Australian investors are taking a leading role in developing South America’s lithium triangle, a region of high altitude brine lakes that spans Argentina, Chile and Bolivia.

Lithium, also referred to as ‘white petroleum’, comes from the primary production of brine or hard rock which is largely concentrated in Australia, Chile and Argentina.

Global demand for lithium has grown rapidly over the past decade, with lithium compounds used to manufacture ceramics, glass and electronics, as well as being an essential ingredient in the production of battery materials such as cathode and electrolyte.

It is also used to manufacture long-life lithium-ion batteries used in mobile phones, consumer electronics, power tools, electric bikes and hybrid and electric vehicles.

Austrade Senior Trade Commissioner for Andean Latin America Shannon Powell said Australian expertise in mining was widely known and regarded, but increasingly in demand as a key producer of lithium.

“Australia, Chile and Argentina are the world’s biggest producers of lithium respectively, with nearby Bolivia a potential disruptor in the market,” she said.

“Bolivia has the world’s largest potential reserves of the metal – projected to be around nine million tonnes in excess of reserves in the US, China and Australia.

“While Bolivia has faced challenges to achieving its production goals, the first shipment of 10 tonnes of lithium carbonate valued at US$70,000 was sent to China in August last year.”

A supply shortage increased lithium prices throughout 2016. Goldman Sachs has projected lithium demand could triple by 2025 largely driven by the production of electric vehicles such as the Tesla Model S.

Ms Powell said Australian investors had been buoyed by regulatory changes in Argentina and Chile which had resulted in enhanced opportunities.

“Last year, Chile established a Lithium Committee within CORFO – its development agency – to develop, monitor, regulate and manage existing contracts,” she said.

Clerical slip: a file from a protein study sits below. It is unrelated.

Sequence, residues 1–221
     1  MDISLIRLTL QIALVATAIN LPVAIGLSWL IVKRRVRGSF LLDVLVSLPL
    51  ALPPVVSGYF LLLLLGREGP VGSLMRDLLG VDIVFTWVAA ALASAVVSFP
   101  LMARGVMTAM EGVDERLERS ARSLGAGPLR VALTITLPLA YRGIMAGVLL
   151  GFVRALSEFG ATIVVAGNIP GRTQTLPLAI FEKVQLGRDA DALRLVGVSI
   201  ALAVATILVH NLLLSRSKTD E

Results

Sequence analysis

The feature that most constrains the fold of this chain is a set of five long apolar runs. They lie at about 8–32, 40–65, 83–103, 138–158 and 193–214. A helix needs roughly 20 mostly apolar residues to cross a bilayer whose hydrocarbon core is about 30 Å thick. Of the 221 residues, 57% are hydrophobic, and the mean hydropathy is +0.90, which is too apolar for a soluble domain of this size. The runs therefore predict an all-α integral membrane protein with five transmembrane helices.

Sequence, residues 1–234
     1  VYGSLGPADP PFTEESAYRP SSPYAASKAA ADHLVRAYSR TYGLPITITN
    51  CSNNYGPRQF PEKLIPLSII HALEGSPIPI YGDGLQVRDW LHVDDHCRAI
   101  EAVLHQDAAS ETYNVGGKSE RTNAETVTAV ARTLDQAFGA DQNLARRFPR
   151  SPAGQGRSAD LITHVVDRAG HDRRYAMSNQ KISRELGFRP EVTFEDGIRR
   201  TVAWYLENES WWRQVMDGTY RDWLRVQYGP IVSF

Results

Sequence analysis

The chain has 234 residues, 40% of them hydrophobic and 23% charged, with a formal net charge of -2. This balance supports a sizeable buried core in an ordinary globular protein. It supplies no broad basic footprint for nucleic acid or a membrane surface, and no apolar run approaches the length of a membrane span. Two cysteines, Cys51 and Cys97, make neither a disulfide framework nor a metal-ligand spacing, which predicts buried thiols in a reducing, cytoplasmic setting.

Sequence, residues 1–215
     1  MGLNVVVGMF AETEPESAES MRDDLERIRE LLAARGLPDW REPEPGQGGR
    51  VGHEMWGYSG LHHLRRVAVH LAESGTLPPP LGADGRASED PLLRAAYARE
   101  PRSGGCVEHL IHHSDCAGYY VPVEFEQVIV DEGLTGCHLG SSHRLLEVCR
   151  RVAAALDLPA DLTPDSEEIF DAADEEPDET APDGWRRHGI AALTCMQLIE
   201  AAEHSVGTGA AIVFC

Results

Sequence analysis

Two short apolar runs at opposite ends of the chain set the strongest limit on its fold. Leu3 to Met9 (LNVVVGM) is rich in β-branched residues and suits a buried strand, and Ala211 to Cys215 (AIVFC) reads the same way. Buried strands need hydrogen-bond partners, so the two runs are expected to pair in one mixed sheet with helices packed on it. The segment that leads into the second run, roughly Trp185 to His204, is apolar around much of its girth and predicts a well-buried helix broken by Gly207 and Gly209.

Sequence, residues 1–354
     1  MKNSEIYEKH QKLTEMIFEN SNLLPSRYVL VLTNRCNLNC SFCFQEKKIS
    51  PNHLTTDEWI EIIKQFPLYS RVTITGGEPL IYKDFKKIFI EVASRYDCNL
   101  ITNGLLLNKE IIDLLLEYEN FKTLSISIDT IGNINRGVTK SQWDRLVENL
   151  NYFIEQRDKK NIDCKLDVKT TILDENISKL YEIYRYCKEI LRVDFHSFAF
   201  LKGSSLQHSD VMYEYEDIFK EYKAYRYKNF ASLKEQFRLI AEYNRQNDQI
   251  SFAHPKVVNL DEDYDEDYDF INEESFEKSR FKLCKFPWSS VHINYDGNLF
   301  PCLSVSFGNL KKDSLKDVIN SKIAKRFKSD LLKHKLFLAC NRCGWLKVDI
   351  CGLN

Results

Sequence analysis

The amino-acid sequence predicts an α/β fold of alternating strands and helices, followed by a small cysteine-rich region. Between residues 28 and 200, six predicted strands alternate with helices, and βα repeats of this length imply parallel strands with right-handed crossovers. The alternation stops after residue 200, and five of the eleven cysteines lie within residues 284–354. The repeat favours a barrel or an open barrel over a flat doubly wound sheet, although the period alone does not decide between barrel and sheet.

“Among its first endeavours was issuing a call to tender for the exploration of the Maricunga and Pedernales salt flats owned by state-run Codelco.

“In Argentina, President Macri’s administration moved quickly to welcome foreign investors, creating a Ministry of Energy and Mining and eliminating barriers to investment in the sector with a range of tax reforms.”

Galaxy Resources, an ASX-listed lithium-focused resources company, is planning to develop the Sal de Vida lithium and potash brine project in Argentina. Sal de Vida is an area of 385sq km, which presently accounts for 60 per cent of global lithium production.

Australia’s Ocrocobre Limited, which is listed on the ASX and Toronto Stock Exchange, has also invested in Argentina. The company built a large-scale, de novo brine- based lithium mine at its flagship Salar de Olaroz project, the first such mine to be completed in over 20 years.

The Salar de Olaroz project has a measured and indicated resource of 6.4 million tonnes of lithium carbonate equivalent and is capable of sustaining current continuous production for 40-plus years with only 15 per cent of the defined resource extracted.

In Chile, ASX-listed Lithium Power International Limited has entered into a joint venture with Minera Salar Blanco and Li3 Energy to explore and develop the high-grade Maricunga lithium-brine project in the country’s north- east.

Through its Argentinian subsidiary, Lithium Power also holds six granted tenements covering an area of 61.5 square kilometres in the Centenario lithium brine salar, which is located within the Salta province of the Puna Plateau.

‘The white petroleum rush is also providing opportunities for Australian engineering and METS companies in the region,’ Ms Powell said.

“Australian firm GHD is already exploring promising opportunities in Argentina and Chile”.